Epilepsy Support Association Uganda
Project: Provision of accessible and affordable medication: bringing epilepsy out of the shadows
To provide regular, accessible and affordable medication to people with epilepsy by strengthening the associations Community Drug Bank Project. This project is an adaptation of the Chilean idea to supply cheap and accessible drugs to people with epilepsy in their communities on a non-profit basis. This idea was initiated in 2001 but was limited by inadequate funding.
Through the funds provided by IBE the association will provide drugs provision service for people with epilepsy by contracting NGO health units. Health workers in these units will carry out outreaches in the community and will provide progress reports on the operation of the drug bank. Some people have been travelling 25km to access the drugs from public health centers; through the drug bank initiative medication will be available much closer thereby reducing distances and transport costs. The money previously used for transport will help sustain the drug bank initiative.
Uganda is still a developing country with an estimated population of 27 million people. More than half of the population is below 18 years. About 90% of the population still live in rural areas and are dependant on subsistence agriculture. Uganda still relies on its international development partners to finance more than 50% of its annual budget. According to the 2005 Poverty Eradication Action Plan (PEAP), poverty is still the number one development problem for Uganda. Uganda is still ranked among the 49 least developed countries in the world (UNDP, 2000).
In Uganda no definitive studies have been undertaken to establish the prevalence of epilepsy. This has led to limited information among health planners and policy makers to plan for and include people with epilepsy in policy frameworks such as Health, Education and Employment. Lack of information has further led to negative attitudes of health workers towards people with epilepsy, irregular supply of AEDs, teachers have chased children with epilepsy out of schools and their fellow students have shunned them, thus resulting into limited vocational skills for people with epilepsy leading to unemployment and underemployment. Epilepsy has been perceived as a superstition, a curse and contagious. As a result people with epilepsy have been isolated, discriminated against, neglected, stigmatized and their fundamental human rights have been violated.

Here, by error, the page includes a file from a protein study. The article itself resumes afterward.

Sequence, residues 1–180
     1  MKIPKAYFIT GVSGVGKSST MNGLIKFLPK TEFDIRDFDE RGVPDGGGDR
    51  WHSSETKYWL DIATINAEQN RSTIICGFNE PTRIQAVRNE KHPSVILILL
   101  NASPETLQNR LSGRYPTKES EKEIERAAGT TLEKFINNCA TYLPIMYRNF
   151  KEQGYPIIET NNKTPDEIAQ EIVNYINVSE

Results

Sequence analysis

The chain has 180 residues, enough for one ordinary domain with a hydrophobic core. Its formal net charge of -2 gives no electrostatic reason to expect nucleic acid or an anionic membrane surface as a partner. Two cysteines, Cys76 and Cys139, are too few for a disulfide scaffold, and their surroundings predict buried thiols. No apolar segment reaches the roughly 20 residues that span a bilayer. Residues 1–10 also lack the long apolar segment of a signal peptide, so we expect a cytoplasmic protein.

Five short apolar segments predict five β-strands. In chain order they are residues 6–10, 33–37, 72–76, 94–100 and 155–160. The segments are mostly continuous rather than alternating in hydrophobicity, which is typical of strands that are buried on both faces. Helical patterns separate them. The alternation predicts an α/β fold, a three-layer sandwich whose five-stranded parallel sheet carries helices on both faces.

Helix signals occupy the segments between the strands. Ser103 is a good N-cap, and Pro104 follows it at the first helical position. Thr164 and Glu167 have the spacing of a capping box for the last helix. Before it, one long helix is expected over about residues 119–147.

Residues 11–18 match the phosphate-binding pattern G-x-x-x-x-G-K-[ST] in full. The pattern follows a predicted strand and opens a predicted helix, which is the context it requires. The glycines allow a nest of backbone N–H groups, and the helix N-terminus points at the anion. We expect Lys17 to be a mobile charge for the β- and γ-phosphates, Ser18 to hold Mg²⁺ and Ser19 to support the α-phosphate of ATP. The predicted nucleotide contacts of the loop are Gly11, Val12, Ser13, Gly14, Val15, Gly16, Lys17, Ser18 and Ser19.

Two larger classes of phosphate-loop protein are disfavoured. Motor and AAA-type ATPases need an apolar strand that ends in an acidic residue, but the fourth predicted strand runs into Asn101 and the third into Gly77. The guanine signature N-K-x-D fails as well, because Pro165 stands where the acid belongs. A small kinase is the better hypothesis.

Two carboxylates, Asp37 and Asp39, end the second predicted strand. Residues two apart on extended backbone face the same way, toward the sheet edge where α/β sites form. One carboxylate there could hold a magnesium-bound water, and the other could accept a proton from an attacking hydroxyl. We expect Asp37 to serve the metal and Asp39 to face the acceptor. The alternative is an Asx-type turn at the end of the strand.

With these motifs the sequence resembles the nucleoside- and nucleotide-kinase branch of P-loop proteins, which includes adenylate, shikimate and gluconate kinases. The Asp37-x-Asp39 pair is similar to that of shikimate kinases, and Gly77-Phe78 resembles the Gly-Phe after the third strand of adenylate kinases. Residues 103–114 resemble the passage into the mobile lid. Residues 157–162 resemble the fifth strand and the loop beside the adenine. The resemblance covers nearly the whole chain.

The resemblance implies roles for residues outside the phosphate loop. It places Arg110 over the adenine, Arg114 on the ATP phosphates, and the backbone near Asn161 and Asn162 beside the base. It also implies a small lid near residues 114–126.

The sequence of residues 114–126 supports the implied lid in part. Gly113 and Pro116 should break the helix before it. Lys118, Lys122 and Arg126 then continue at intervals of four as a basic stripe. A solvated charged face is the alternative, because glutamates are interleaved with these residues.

Epilepsy affects men and women differently, but impacts more on females than males due to social and cultural roles. Discriminatory cultural practices on property inheritance and property ownership affect the livelihoods of women more than men with epilepsy.
The government has put in place Affirmative Action to benefit people with epilepsy particularly women and girls. Further steps taken by the government include a land policy, laws on marriage and divorce, inheritance, domestic violence and other forms of violence against women and girls. In spite of the above, lack of public awareness, negative community attitudes, cultural beliefs and lack of programmes on specific concerns of women with epilepsy are still challenges.
The Ministry of Health has decentralized health units according to the local government structures in place. This poses a problem of distance for people with epilepsy to access medication and treatment leading to stress and increases the incidences of seizures.
Addressing the problems
This project will provide regular, affordable and accessible drugs to people with epilepsy and build networks and alliances with the health service providers. Regular medication will bring about stability in people with epilepsy allowing them participate in all community initiatives, thus reducing stigma.
Regular drugs will increase the number attending clinics and will help to capture data and statistics on the number of people with epilepsy in particular health units. In turn this will help health units plan for people with epilepsy as well help them to advocate and lobby for their rights in their respective districts for better service delivery.
Furthermore adequate and regular supply of drugs reduces on the number of seizures. With the reduction in the number of seizures, people with epilepsy will develop self esteem and self confidence to fully participate in all community initiatives. This will enable children with severe attacks to attend school regularly. This in the end will provide an opportunity for people with epilepsy to continue in education and acquire skills which they will use to find employment. The abilities shown by people with epilepsy will in the long run reduce stigma attached to epilepsy.